I think you may have made two mistakes yourself.
The first would be replacing the “Public good” term with your version of “Common good.” By this, you are assuming that education is equally contestable in a community. Based on your reference to a “ slightly longer journey,” I’m forced to assume you are comparing things based on your experiences in the UK, but I don’t believe you understand the scale of distance and population in the region Shanna is referencing. The entire UK is about 242K square kilometers, so that’s all of England, Wales, Scotland (for now,) and N. Ireland (along with other islands, etc.) That’s about the size of the Texas panhandle and about one quarter of West Texas combined. Adding to this is population density, where the UK has just over 65 million people and there isn’t even 28 million in all of Texas. This gives the UK a density of 268 people per square kilometer and Texas has about 40, but in the rural areas (like Brewster County) that comes down to about 1 per kilometer. When you have a larger population more evenly distributed, then your idea of a “Common good” probably works better but not when some communities are less than triple digits and are 20–30 miles apart. That “slightly longer journey” is probably a bit longer than you are imagining. And this is not unique to Texas at all. You will see this in the Gulf Coast states, throughout the Great Plains, west of the Great Plains (excluding California, to some degree) and Alaska. It’s not always a poverty issue, specifically, but geography has a lot to do with it.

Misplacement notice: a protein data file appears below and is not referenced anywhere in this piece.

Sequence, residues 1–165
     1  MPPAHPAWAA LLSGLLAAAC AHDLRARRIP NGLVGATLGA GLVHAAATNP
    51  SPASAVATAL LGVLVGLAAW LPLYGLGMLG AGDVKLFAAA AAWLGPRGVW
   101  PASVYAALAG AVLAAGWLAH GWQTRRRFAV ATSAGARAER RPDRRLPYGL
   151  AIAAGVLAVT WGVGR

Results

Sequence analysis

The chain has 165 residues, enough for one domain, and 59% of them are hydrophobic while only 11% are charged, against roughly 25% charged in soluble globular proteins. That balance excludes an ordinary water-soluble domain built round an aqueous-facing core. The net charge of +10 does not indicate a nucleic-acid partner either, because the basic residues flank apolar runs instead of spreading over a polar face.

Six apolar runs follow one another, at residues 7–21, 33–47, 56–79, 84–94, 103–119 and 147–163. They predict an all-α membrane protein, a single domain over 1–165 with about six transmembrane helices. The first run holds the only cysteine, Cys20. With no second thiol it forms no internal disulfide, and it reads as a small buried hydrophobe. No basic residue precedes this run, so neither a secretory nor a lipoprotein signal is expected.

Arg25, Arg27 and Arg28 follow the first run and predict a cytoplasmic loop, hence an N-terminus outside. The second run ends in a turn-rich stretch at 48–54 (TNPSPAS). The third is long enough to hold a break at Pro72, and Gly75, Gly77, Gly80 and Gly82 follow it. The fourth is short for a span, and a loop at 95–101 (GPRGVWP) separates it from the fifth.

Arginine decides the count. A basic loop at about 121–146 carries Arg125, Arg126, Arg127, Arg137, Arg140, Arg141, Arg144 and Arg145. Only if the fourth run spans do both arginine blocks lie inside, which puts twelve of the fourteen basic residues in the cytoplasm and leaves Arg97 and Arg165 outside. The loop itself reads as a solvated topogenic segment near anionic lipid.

The second mistake would be to blur the line between healthcare and education needs, especially on this side of the pond. You may not like the UK-version of socialized medicine but, if you live there, you don’t have to worry about “if” you can get treatment in the case of cancer or some other chronic condition. If you don’t have insurance over here, then that kind of diagnosis is almost guaranteed to be a death sentence. There’s not much an emergency room can do to help you, which would be your only option in that case. Additionally, a hospital can be mandated to admit a patient with certain expectations that the patient will be cared for. A private educational institute can pick and choose which students attend based on a variety of criteria, some of which is motivated by religious bias. As you obviously tried, some comparisons can be made between the two sectors, just like you can compare people’s opinions to the south end of a north-bound bull. My opinion included.
We continue to debate here in the States about “if” healthcare should be a right, along with all the other baggage that comes with that. “Lower” education has been a “right” for a long time here and I believe Shanna’s point has been that, when public education funding gets handed out to private institutions, public schools will not be able to meet future student needs. There’s a good argument to be had that many public schools are already struggling with this condition in the current budget climate. My question, from all of this, is who stands to gain from the reduction of access to education for those less privileged? If that is a political answer, in any way, then it is the wrong action to begin with, regardless of your politics.
We all benefit from a better educated electorate.